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The New York Times “Corner Office” column has an interview with Julie Sweet, CEO for North America at consulting firm Accenture, in which she talks about, among other issues, diversity.

Sweet started out as a lawyer, working for the old-school law firm, Cravath, Swaine & Moore, where there were just two women partners when she started; eventually, she became the ninth woman partner at the firm. (Now, Cravath has 25 percent women partners.)

"I don’t think it’s rocket science,” she says. “ You first have to decide if diversity is a business priority. If it is, then you need to treat it like a business priority. You set goals, have accountable leaders, you measure progress, and you have an action plan. If you do those four things, you will make progress. We did a recent study and the stats were pretty shocking. Forty percent of companies don’t even have a plan to advance leadership. Less than 40 percent look at attrition between men and women. They’re not collecting data. You can look at that with disappointment, or you can say there’s a huge opportunity here. By putting in place pretty basic things, you should be able to make progress … At Accenture, we set goals. We set our first goal in 2015 to hire 40 percent women. In 2025, our goal is to be at 50/50 gender parity across the organization and then, for the managing director level, it’s 25 percent women. That’s a pretty big shift in 10 years.”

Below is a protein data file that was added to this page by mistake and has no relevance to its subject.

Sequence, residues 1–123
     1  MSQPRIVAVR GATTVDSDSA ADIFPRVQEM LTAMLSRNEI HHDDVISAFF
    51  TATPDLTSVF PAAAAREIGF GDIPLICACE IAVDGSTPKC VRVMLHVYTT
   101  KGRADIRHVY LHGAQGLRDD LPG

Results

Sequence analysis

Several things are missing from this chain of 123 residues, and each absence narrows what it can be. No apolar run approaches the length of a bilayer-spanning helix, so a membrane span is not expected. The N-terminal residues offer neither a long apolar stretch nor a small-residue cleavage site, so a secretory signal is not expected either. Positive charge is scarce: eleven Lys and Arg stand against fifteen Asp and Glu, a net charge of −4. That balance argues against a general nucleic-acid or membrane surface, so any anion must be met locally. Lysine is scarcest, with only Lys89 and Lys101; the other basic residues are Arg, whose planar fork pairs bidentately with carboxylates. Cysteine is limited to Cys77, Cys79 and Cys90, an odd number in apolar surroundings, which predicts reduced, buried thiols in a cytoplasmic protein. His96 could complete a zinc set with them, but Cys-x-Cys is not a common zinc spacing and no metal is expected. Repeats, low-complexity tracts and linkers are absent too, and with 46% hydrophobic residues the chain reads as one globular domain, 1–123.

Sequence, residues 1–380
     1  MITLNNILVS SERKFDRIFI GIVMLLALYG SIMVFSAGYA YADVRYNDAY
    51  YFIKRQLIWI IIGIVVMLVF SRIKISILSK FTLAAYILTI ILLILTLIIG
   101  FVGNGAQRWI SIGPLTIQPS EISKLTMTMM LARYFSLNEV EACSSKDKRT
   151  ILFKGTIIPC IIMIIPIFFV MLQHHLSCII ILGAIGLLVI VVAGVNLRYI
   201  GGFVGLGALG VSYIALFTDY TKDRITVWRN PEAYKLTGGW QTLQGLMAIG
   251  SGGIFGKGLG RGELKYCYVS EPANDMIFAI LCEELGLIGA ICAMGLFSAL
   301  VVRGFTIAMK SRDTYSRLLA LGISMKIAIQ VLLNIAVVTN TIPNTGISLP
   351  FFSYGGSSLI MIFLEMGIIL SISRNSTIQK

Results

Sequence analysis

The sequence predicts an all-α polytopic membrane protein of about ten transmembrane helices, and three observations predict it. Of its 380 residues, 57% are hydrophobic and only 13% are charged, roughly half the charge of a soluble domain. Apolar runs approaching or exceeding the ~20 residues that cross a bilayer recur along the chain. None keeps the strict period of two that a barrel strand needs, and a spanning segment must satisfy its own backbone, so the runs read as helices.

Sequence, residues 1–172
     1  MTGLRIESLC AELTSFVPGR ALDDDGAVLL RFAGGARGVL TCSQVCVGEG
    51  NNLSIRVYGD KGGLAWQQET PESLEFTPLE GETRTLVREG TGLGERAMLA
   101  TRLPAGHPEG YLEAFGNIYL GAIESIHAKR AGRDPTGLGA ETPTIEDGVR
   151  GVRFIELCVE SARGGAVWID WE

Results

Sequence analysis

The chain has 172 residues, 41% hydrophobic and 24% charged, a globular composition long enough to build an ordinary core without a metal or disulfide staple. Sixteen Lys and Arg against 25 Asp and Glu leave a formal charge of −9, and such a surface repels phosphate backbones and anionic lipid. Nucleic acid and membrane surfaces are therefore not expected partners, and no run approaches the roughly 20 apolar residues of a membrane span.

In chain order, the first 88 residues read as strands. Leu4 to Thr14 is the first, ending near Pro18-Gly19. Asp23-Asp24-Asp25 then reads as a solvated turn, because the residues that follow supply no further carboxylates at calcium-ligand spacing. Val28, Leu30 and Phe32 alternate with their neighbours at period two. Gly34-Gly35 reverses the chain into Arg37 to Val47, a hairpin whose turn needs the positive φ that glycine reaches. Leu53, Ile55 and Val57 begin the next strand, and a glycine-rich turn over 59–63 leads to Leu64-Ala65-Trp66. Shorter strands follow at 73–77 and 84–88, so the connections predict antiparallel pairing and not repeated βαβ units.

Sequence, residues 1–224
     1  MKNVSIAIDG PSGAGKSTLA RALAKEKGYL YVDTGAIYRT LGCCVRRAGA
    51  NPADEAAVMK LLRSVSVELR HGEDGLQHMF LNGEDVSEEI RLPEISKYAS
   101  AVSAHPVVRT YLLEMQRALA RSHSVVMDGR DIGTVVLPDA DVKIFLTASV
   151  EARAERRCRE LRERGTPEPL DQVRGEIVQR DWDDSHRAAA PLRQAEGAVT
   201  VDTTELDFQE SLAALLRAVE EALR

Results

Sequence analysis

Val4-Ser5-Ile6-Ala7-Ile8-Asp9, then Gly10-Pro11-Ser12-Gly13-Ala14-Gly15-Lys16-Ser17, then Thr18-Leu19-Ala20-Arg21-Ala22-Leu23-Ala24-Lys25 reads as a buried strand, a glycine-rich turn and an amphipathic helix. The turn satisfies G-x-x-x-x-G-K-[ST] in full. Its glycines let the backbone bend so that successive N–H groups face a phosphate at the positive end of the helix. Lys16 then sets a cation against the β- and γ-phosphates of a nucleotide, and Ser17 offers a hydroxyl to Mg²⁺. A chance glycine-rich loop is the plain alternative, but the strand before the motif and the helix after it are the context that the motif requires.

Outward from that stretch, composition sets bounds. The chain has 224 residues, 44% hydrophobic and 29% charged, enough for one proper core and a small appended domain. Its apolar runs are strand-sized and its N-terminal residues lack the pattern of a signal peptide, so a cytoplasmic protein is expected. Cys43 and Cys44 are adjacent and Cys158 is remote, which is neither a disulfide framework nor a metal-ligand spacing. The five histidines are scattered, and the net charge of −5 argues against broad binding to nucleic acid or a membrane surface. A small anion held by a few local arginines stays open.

KC's View:
I think it is fair to say that there is a connection between disruption and diversity - companies that need to act differently in a changing world to appeal to a changing customer also need to identify and nurture leaders who see the world and customer differently.

Sweet addresses this in the interview, saying that Accenture “used to be the safe pair of hands who delivered big projects, but we were not the ones saying, ‘Here’s where you go next.’ Now, we are the ones going to clients and saying, ‘The world’s being disrupted around you. We’re going to co-innovate with you. And by the way, when you come up with the solutions, we’re going to be able to deliver them because we understand the enterprise and scale’.”